Apr 252021
Screenshot of a Hybrid Azure AD Joined login

If you’re using Azure AD, and have Hybrid Azure AD joined machines, special considerations must be made with non-persistent VDI workstations and VMs. This applies to Instant Clones on VMware Horizon.

Due to the nature of non-persistent VDI, machines are created and destroyed on the fly with a user getting an entirely new workstation on every login.

Hybrid Azure AD joined workstations not only register on the local domain Active Directory, but also register on the Azure AD (Azure Active Directory).

The Problem

If you have Hybrid Azure AD configured and machines performing the Hybrid Join, this will cause numerous machines to be created on Azure AD, in a misconfigured and/or unregistered state. When the non-persistent instant clone is destroyed and re-created, it will potentially have the same computer name as a previous machine, but will be unable to utilize the existing registration.

This conflict state could potentially make your Azure AD computer OU a mess.

VMware Horizon 8 version 2303 now supports Hybrid Azure AD joined non-persistent instant clones using Azure AD Connect. If you are using an older version, or using a different platform for non-persistent VDI, you’ll need to reference the solution below.

The Solution

Please see below for a few workarounds and/or solutions:

  1. Upgrade to VMware Horizon 8 2303
  2. Use Seamless SSO instead of Hybrid Azure AD join (click here for more information)
  3. Utilize login/logoff scripts to Azure AD join and unjoin on user login/logoff. You may have to create a cleanup script to remove old/stale records from Azure AD as this can and will create numerous computer accounts on Azure AD.
  4. Do not allow non-persistent virtual machines to Hybrid Domain Join. This can be accomplished either by removing the non-persistent VDI computer OU from synchronization with Azure AD Connect (OU Filtering information at https://docs.microsoft.com/en-us/azure/active-directory/hybrid/how-to-connect-sync-configure-filtering) or by disabling the scheduled task to perform an Azure AD join.

In my environment I elected to remove the non-persistent computer OU from Azure AD Connect sync, and it’s been working great. It also keeps my Azure Active Directory nice and clean.

  7 Responses to “Hybrid Azure AD and Non-persistent VDI (Instant Clones)”

  1. […] Whether deploying VDI for the first time or troubleshooting existing Azure AD SSO issues for an existing environment, special consideration must be made for Microsoft Azure AD SSO and VDI. […]

  2. What should a login/logoff script include/do? Just dsregcmd /join and /leave?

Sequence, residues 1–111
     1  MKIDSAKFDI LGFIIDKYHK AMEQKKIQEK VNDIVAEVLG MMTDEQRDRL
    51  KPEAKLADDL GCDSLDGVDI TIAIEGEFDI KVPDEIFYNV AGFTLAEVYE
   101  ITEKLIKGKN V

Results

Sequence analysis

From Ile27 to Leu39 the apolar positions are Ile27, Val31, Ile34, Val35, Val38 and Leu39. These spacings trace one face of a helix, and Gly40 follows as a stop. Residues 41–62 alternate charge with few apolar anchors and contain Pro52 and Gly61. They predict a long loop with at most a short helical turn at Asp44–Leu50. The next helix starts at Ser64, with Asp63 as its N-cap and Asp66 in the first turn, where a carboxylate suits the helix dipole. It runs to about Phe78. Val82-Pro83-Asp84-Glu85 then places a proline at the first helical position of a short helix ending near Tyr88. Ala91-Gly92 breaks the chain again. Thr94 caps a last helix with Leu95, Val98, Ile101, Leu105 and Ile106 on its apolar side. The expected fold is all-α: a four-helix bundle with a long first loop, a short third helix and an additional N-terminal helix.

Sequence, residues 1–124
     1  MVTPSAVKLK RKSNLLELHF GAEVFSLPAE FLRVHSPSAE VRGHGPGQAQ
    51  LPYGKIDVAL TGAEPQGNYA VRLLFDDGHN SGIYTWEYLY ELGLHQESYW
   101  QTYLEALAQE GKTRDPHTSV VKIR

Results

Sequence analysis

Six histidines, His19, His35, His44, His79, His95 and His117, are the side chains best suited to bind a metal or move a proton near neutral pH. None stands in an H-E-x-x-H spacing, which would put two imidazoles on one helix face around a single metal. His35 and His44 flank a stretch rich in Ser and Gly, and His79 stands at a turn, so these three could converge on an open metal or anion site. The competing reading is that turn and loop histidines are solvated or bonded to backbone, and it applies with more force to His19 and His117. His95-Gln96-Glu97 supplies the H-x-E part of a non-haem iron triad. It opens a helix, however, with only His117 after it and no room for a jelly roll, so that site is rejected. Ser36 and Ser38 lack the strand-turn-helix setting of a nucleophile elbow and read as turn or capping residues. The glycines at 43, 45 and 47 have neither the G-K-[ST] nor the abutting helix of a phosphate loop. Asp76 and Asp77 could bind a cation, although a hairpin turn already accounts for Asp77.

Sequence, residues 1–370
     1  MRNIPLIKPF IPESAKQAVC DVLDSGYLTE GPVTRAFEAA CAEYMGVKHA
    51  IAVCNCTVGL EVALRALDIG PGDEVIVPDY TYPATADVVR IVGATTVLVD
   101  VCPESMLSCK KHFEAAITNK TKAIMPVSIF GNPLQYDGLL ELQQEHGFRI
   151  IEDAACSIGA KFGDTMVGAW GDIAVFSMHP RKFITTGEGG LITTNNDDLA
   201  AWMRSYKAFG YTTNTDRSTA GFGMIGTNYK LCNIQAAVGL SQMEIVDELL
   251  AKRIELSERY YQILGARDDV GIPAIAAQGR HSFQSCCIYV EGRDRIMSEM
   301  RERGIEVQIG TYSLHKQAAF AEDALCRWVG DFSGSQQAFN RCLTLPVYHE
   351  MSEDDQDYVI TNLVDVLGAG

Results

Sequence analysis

3. Hi Rob,

    It would be something like that: join on logon, and then leave on logoff. Note that you’ll end up with a ton (every increasing) number of devices on your Azure AD which will require cleanup (you may be able to script the cleanup).

    Also, please note that this is only supported with AD Federated, if you do this without AD Federation it’s unsupported.

  4. Hi Stephen and Rob,
    If you are in a supported configuration, meaning you have an Azure hybrid federated ID model, then you shouldn’t have to do a dsregcmd /leave . In fact the official MS documentation explicitly says not to and it is the reason you are ending up with a lot of stale objects.

    “For Windows current in a Federated environment (for example, AD FS):
    Implement dsregcmd /join as part of VM boot sequence/order and before user signs in.
    DO NOT execute dsregcmd /leave as part of VM shutdown/restart process.”

    With ADFS or any supported IDP for that matter, you are registering the device to Azure AD directly using an IDP-generated device-specific auth token at device startup/logon to successfully register the device and complete hybrid AD join. Executing the dsregcmd /join at every startup ensures that the DRS intelligence is there to update the existing device object and its creds in Azure AD and provide the Azure device creds back to the registering device. Presumably the “intelligence” rests in the claims in the IDP-generated token always being the same per device so that DRS knows the registration request is for the same/already existing object.

    This is why you don’t need dsregcmd /leave in the supported federated model and the same device object can be updated as non-persistent VDI clients are spun up. MS has no equivalent DRS intelligence for a managed domain scenario….yet(???) = unsupported. It will work (sort of) but not consistently due to the ADConnect sync dependency introduced in the managed scenario for DRS.

    The problem with #2 is that you don’t get seamless SSO nor conditional access for the VDI devices out of the scope for ADConnect sync, which is worth mentioning.

  5. Hi Karif,

    The stale objects occur when people are using an unsupported method, which includes the use of the “dsregcmd /leave” command. This isn’t needed if you’re using ADFS and using Hybrid joined machines with ADFS.

    This is a common theme I regularly see as a lot of environments are using unsupported configurations.


  6. Can you point us to the documentation on this:

    “VMware Horizon 8 version 2303 now supports Hybrid Azure AD joined non-persistent instant clones using Azure AD Connect.”

  7. Hi Brett, there’s a few links in this post: one to the release notes that specifies it, just below the quote, and also another link pointing to a VMware KB providing additional information.


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